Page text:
Gov’t lawyer fails to defend death penalty bill in Senate

Carmela Fonbuena
Gov’t lawyer fails to defend death penalty bill in Senate
The Philippines ratified in 2007 an international treaty that binds signatories to 'take all necessary measures to abolish the death penalty within its jurisdiction'

MANILA, Philippines – The Department of Justice (DOJ) failed to defend proposals to reimpose the death penalty in the face of an oft-repeated argument: that the Philippines cannot revive it against criminals because it is bound by an international treaty. 

Senator Franklin Drilon raised this in a Senate hearing on Tuesday, February 7, citing the Second Optional Protocol to the International Covenant on Civil and Political Rights. The treaty ratified by the Philippines in 2007 binds signatories to “take all necessary measures to abolish the death penalty within its jurisdiction.”

Namatay po ang death penalty dahilan sa maliwanag naman na hindi natin pwedeng maibalik yung parusang pagpatay dahilan sa ating treaty commitment (We killed death penalty because it is clear that we cannot revive the punishment because oru our treaty commitment),” Drilon told reporters after the Senate hearing.  

Hindi ko alam kung paano i (I don’t know how to) justify na ipapasa ang death penalty bill in the face of this clear international treaty obligation that we cannot impose the death penalty domestically,” Drilon said.

Senior Deputy Prosecutor Richard Fadullon, who represented Justice Secretary Vitaliano Aguirre II in the hearing, acknowledged that treaties are considered laws and could not be violated.  

The Senate hearing was deferred after Fadullon failed to argue how the government can opt out of the international treaty. Some critics of the death penalty said the treaty doesn’t have an opt-out provision.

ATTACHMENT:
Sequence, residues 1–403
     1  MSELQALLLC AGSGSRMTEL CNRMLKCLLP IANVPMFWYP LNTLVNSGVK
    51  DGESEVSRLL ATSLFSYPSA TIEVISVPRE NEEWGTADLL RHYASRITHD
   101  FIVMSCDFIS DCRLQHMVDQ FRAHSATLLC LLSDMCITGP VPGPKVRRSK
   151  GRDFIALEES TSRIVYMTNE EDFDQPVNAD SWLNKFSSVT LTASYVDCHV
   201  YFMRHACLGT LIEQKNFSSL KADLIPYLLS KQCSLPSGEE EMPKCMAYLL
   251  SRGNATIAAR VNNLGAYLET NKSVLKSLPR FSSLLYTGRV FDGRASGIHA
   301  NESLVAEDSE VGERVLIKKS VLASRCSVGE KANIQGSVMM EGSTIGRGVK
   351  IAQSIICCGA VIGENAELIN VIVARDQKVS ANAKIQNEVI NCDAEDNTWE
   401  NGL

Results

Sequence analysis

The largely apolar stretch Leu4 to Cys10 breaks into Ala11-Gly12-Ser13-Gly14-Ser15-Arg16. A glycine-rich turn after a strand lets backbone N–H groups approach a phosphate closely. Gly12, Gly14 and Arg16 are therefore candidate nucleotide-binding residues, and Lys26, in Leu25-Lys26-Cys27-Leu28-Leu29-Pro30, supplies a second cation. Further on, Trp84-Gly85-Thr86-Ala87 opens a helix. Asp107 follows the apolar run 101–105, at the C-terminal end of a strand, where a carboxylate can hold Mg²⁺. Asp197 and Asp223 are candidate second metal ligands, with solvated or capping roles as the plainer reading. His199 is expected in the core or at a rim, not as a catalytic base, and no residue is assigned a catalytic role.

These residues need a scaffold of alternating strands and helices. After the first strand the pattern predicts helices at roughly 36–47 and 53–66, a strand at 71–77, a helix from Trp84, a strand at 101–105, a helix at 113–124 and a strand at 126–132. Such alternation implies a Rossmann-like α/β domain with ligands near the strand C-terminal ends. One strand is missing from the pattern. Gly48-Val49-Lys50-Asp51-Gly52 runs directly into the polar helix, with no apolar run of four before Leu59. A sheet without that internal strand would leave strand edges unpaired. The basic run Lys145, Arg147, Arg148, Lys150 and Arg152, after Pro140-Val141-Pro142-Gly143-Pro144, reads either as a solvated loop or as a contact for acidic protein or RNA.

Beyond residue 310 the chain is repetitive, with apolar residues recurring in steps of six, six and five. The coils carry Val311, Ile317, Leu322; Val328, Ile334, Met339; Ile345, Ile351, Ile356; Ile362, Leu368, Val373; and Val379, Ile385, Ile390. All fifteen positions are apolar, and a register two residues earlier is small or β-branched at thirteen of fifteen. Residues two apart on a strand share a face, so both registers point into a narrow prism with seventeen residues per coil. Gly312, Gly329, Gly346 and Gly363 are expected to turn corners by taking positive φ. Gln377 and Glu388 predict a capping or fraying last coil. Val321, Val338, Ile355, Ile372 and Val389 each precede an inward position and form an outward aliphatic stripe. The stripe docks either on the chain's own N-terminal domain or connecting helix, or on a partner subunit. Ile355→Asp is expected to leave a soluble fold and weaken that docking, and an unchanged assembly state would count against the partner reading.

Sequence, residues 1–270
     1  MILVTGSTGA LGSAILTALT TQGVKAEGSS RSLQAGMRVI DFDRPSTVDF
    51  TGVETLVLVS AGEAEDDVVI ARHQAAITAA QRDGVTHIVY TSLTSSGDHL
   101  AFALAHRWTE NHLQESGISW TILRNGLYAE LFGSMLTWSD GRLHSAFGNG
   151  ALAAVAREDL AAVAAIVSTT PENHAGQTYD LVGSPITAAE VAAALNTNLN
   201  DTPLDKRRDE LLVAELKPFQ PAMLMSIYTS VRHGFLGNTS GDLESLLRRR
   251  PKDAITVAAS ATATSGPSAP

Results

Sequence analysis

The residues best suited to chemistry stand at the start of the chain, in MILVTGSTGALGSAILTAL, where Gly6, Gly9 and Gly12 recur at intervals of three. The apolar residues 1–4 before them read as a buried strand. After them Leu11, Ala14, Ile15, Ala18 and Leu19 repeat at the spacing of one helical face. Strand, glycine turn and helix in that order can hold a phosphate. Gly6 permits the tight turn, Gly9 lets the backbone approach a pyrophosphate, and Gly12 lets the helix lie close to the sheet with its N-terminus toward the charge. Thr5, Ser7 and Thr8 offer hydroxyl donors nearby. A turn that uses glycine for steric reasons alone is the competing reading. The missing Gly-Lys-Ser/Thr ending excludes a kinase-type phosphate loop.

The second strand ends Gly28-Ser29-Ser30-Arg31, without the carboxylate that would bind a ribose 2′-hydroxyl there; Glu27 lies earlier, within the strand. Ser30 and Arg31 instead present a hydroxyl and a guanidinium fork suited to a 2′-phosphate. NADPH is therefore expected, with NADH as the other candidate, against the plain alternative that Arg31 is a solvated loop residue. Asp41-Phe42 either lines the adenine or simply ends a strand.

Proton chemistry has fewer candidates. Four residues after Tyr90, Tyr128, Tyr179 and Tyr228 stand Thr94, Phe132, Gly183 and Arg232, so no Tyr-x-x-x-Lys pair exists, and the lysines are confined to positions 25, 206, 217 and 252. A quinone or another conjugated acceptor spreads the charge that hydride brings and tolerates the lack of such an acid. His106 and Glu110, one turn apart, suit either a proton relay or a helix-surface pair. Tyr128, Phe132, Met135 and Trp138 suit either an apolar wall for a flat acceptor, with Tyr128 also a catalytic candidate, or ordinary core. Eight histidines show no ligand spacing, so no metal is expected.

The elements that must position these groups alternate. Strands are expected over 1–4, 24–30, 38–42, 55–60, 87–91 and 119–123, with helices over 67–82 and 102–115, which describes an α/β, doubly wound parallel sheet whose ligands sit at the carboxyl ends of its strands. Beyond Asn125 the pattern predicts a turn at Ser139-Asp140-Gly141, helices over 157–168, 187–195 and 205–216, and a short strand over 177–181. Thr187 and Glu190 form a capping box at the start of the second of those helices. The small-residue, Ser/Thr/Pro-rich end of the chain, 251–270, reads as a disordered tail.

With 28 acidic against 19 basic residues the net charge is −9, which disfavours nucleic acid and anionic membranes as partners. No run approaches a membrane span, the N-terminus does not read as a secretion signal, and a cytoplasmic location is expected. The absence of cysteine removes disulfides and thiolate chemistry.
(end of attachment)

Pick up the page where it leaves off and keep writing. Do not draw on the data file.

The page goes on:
Drilon: How do we argue ourselves out of this legally binding treaty that the President has ratified and which the Senate has concurred to, which completes the process and therefore is a binding treaty on our country?

Fadullon: Sir, I would be lying if I would be able to tell you exactly how we are going to get out of this bind. However, it is our position that…

Drilon: No, no. You have to tell us because we are debating on whether or not to reinvoke the death penalty and one of  the [arguments is] we are violating our international treaty obligation.

Fadullon: I wish I could say with all candor, Mr Senator, if indeed there are ways by which we can get out of these international commitments or if we can opt out. But I’m not in the position to say that. 

The reimposition of death penalty is one of the measures that President Rodrigo Duterte asked Congress to pass last year. Duterte has repeatedly said the law is needed to help government address crime, especially the use and sale of illegal drugs.

The House of Representatives already began plenary deliberations on it last week

Senate committee on justice and human rights chairman Richard Gordon warned that Duterte could violate the law if he pursues the measure without first opting out of the international treaty.

Fadullon later clarified that the absence of an opt-out provision doesn’t mean this cannot be done. He said he will consult Aguirre on how the government would deal with it.

“Wala naman pong sinasabing hindi pwedeng mag (It is not saying we cannot) opt-out. Ang amin lamang po ay (our position is) probably, taking on the advice of the chairman, I will raise the issue with the secretary of justice, bringing to the table the concerns raised on the international commitment that we have. Indeed, as the chairman said, it would be a violation fo the law if we do not honor the treaty,” Fadullon said. 

The heads of government offices were invited to the Senate hearing but they sent only their staff members. 

The reimposition of the death penalty has always been a controversial measure in the predominantly Catholic country. –

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